The first baby to undergo a partial heart transplant will hopefully be spared repeated heart surgeries as the implanted tissue is growing with him – an outcome that has never been seen before in humans.

Surgeons made history in 2022 when they stitched heart valves and vessels taken from a donor infant into the heart of transplant recipient Owen Monroe when he was just 18 days old.

This technique of salvaging native heart tissue and only using the living donor tissue to replace defective parts had never been trialed in humans before.

The lead surgeon, Joseph Turek of Duke University, had previously only done the procedure in five piglets.

Now, more than a year on, baby Owen's heart has grown from the size of a strawberry to the size of an apricot, and the donor tissue has grown with it.

Owen's heart tissue implants (solid line) are growing at a similar rate to heart tissue in healthy infants (dotted line). (Turek et al., JAMA)

Owen's heart function is "excellent," and he's hitting developmental milestones of a normal one-year-old, like playing, crawling, and standing, the researchers reported in JAMA.

"This publication is proof that this technology works, this idea works, and can be used to help other children," says Turek.

Owen with his parents just after he was born. (Duke Health)

Owen's parents – Nick and Tayler Monroe – consented to the surgery after learning that their baby had a serious heart defect known as truncus arteriosus, where a channel coming out of the heart fails to separate during development, merging two major blood vessels in a way that starves the baby of oxygen.

This condition affects around 250 babies in the US each year. Usually, infants with truncus arteriosus are given a full heart transplant, or they are treated using frozen tissue from the hearts of cadavers.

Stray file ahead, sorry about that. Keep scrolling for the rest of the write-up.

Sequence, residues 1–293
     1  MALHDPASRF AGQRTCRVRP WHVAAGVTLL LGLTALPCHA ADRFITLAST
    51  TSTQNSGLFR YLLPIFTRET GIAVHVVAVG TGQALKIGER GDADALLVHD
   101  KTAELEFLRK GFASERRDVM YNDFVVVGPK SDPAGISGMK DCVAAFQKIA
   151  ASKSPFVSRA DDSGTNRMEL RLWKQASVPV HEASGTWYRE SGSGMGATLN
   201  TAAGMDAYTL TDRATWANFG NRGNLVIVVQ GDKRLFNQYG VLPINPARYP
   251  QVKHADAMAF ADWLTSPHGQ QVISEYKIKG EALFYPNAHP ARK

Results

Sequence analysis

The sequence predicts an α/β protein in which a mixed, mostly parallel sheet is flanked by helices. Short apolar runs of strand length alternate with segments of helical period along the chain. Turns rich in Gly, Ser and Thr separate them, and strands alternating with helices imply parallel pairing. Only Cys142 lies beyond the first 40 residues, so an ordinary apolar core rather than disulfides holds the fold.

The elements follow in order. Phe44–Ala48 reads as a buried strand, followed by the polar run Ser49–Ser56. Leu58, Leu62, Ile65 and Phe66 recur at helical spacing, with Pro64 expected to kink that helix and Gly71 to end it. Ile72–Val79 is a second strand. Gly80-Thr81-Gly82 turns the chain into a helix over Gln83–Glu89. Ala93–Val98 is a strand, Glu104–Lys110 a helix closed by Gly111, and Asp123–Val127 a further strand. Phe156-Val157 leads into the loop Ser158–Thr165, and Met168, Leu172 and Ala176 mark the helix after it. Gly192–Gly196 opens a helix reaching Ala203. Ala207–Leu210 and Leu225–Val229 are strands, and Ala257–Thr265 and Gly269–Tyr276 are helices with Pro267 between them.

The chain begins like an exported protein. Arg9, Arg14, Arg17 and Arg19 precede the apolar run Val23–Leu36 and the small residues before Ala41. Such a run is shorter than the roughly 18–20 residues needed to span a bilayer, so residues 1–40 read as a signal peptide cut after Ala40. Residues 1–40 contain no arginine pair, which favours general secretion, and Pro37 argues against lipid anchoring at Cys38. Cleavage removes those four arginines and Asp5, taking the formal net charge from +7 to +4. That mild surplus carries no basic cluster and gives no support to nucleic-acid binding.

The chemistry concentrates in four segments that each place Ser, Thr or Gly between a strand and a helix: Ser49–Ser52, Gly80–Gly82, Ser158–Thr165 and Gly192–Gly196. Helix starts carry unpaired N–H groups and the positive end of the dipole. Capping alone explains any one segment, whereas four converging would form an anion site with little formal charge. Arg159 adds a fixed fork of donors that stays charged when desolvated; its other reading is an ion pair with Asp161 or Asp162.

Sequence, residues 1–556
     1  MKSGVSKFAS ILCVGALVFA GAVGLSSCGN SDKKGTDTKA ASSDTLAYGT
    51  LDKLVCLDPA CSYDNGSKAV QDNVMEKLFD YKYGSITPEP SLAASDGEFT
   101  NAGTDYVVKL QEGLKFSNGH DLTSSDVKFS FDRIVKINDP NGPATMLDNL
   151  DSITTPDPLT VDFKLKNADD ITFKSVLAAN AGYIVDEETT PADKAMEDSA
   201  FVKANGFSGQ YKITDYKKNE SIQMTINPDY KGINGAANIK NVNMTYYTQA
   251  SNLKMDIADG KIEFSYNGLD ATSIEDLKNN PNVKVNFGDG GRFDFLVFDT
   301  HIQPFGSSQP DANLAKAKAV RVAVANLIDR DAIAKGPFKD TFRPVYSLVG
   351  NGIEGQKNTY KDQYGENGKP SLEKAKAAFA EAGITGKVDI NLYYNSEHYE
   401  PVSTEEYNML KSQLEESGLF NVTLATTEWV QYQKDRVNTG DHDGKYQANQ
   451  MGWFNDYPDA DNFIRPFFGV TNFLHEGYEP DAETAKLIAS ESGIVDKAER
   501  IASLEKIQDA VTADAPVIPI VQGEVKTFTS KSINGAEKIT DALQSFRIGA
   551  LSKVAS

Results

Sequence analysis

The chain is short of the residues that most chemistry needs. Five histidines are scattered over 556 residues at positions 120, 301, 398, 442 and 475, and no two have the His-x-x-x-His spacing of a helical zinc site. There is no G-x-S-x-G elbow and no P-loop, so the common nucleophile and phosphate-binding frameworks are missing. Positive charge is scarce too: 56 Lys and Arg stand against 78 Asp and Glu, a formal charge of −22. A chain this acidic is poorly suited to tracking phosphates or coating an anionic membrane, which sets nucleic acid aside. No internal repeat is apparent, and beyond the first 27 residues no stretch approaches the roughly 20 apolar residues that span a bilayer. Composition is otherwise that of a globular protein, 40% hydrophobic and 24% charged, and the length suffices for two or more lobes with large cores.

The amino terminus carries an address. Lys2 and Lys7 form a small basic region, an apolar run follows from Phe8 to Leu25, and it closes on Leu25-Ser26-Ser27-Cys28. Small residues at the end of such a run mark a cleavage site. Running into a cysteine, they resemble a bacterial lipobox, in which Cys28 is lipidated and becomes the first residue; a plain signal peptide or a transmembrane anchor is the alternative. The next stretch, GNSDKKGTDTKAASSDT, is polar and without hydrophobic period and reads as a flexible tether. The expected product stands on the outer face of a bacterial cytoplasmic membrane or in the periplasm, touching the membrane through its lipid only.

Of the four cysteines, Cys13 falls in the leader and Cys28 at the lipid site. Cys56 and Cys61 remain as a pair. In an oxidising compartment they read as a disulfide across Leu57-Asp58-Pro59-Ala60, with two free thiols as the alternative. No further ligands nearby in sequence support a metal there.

To ensure Owen's blood would pump around his heart correctly, he underwent a partial heart transplant where some of his heart tissue was removed and tissue from a donor heart was implanted. (Turek et al., JAMA)

Donor hearts transplanted into infants will grow with the child, but they often become dysfunctional over time. As a result, around half of children given a heart transplant will die by the age of 20.

To prevent transplanted hearts from being rejected by the immune system, recipients are put on drugs that suppress the immune system, which prevents the body from fighting not just the heart tissue but cancer and infections as well.

Since Owen's procedure, 12 children have undergone partial heart transplants. (Turek et al., JAMA)

It's the donor's heart muscle, rather than the valves and vessels, that the body tends to reject as foreign. As baby Owen was only given a partial transplant of vessels and valves, he only needed a half dose of one of these immunosuppressive drugs.

Infants treated for truncus arteriosus with frozen cadaver tissue need surgery every few years to replace the grafts they've outgrown. As a result of these risky surgeries, this treatment carries a 50 percent mortality risk while they're still in infancy.

Baby Owen was listed for a heart transplant, but his parents knew he was unlikely to survive the six months or so that it would take to match with a donor.

A few days after birth, Owen was already in heart failure and his heart was too weak to be given emergency treatment, such as a heart-lung bypass called ECMO.

"Once we were told the situation and that we didn't have time to wait for a heart and he was basically at heart failure right out of the gate, there weren't really many options," Tayler Monroe said.

"If something happened, we would just resuscitate him and hope for the best, which is really hard and scary to hear."

Fortunately, Owen's patched-up heart is now pumping normally and is "expected to last a lifetime," the researchers report.

The paper was published in JAMA.